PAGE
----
Funding from the National Institutes of Health, Research to Prevent Blindness and a Robert E. McCormick Scholarship supported this research.

Darrell E. Ward | EurekAlert!
Further information:
http://medinfo.wustl.edu/

More articles from Health and Medicine:

nachricht NIST scientists discover how to switch liver cancer cell growth from 2-D to 3-D structures
17.11.2017 | National Institute of Standards and Technology (NIST)

nachricht High speed video recording precisely measures blood cell velocity
15.11.2017 | ITMO University

All articles from Health and Medicine >>>

The most recent press releases about innovation >>>

Die letzten 5 Focus-News des innovations-reports im Überblick:

Im Focus: A “cosmic snake” reveals the structure of remote galaxies

The formation of stars in distant galaxies is still largely unexplored. For the first time, astron-omers at the University of Geneva have now been able to closely observe a star system six billion light-years away. In doing so, they are confirming earlier simulations made by the University of Zurich. One special effect is made possible by the multiple reflections of images that run through the cosmos like a snake.

Today, astronomers have a pretty accurate idea of how stars were formed in the recent cosmic past. But do these laws also apply to older galaxies? For around a...

Im Focus: Visual intelligence is not the same as IQ

Just because someone is smart and well-motivated doesn't mean he or she can learn the visual skills needed to excel at tasks like matching fingerprints, interpreting medical X-rays, keeping track of aircraft on radar displays or forensic face matching.

That is the implication of a new study which shows for the first time that there is a broad range of differences in people's visual ability and that these...

Im Focus: Novel Nano-CT device creates high-resolution 3D-X-rays of tiny velvet worm legs

Computer Tomography (CT) is a standard procedure in hospitals, but so far, the technology has not been suitable for imaging extremely small objects. In PNAS, a team from the Technical University of Munich (TUM) describes a Nano-CT device that creates three-dimensional x-ray images at resolutions up to 100 nanometers. The first test application: Together with colleagues from the University of Kassel and Helmholtz-Zentrum Geesthacht the researchers analyzed the locomotory system of a velvet worm.

During a CT analysis, the object under investigation is x-rayed and a detector measures the respective amount of radiation absorbed from various angles....

Im Focus: Researchers Develop Data Bus for Quantum Computer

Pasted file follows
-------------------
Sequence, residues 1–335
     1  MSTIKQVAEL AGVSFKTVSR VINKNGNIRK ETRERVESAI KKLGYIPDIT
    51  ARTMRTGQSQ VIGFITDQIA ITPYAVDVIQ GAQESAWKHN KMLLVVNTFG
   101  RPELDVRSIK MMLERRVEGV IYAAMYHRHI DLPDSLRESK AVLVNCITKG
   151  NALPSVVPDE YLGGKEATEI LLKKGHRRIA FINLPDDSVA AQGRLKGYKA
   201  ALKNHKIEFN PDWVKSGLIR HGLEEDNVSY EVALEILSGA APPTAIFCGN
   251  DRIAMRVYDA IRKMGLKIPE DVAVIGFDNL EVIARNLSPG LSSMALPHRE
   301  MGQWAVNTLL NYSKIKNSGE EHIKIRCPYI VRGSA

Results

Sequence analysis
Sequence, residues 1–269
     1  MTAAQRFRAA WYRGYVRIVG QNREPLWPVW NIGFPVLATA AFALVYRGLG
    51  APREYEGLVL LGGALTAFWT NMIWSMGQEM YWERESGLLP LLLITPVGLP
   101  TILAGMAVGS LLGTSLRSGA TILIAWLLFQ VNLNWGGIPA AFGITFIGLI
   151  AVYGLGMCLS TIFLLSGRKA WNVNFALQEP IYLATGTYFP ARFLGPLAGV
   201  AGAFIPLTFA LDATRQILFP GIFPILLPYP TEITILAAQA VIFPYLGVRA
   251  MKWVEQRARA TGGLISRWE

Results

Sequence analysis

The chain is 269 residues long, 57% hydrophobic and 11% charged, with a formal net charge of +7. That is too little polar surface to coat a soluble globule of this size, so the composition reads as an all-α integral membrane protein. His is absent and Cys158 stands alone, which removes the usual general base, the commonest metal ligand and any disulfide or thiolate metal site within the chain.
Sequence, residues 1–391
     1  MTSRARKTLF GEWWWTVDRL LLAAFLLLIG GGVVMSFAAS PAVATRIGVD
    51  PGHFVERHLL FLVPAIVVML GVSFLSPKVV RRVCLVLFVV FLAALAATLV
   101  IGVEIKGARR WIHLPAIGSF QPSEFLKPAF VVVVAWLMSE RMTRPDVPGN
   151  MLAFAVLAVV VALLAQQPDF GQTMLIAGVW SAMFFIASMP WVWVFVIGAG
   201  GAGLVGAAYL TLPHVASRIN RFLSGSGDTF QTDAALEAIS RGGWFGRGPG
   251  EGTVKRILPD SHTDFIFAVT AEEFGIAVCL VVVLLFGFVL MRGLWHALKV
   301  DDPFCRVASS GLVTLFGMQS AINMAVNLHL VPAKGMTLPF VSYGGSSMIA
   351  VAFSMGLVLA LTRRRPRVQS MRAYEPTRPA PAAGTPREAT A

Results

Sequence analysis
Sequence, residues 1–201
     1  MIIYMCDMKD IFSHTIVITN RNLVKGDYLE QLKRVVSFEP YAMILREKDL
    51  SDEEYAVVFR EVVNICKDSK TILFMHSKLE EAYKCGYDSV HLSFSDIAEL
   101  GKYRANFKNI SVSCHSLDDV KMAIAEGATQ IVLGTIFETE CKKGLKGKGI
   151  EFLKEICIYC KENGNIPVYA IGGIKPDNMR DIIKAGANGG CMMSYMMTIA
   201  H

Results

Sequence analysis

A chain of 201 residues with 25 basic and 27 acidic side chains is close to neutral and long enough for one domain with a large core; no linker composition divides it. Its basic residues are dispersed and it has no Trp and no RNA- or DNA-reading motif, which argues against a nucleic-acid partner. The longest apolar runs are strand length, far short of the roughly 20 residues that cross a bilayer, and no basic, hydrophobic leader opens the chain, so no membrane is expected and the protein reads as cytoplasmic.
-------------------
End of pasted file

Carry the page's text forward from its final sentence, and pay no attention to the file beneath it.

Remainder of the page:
The quantum world is fragile; error correction codes are needed to protect the information stored in a quantum object from the deteriorating effects of noise. Quantum physicists in Innsbruck have developed a protocol to pass quantum information between differently encoded building blocks of a future quantum computer, such as processors and memories. Scientists may use this protocol in the future to build a data bus for quantum computers. The researchers have published their work in the journal Nature Communications.

Future quantum computers will be able to solve problems where conventional computers fail today. We are still far away from any large-scale implementation,...

Im Focus: Wrinkles give heat a jolt in pillared graphene

Rice University researchers test 3-D carbon nanostructures' thermal transport abilities

Pillared graphene would transfer heat better if the theoretical material had a few asymmetric junctions that caused wrinkles, according to Rice University...

All Focus news of the innovation-report >>>

Anzeige

Anzeige

Event News

Ecology Across Borders: International conference brings together 1,500 ecologists

15.11.2017 | Event News

Road into laboratory: Users discuss biaxial fatigue-testing for car and truck wheel

15.11.2017 | Event News

#Berlin5GWeek: The right network for Industry 4.0

30.10.2017 | Event News

 
Latest News

NASA detects solar flare pulses at Sun and Earth

17.11.2017 | Physics and Astronomy

NIST scientists discover how to switch liver cancer cell growth from 2-D to 3-D structures

17.11.2017 | Health and Medicine

The importance of biodiversity in forests could increase due to climate change

17.11.2017 | Studies and Analyses

VideoLinks
B2B-VideoLinks
More VideoLinks >>>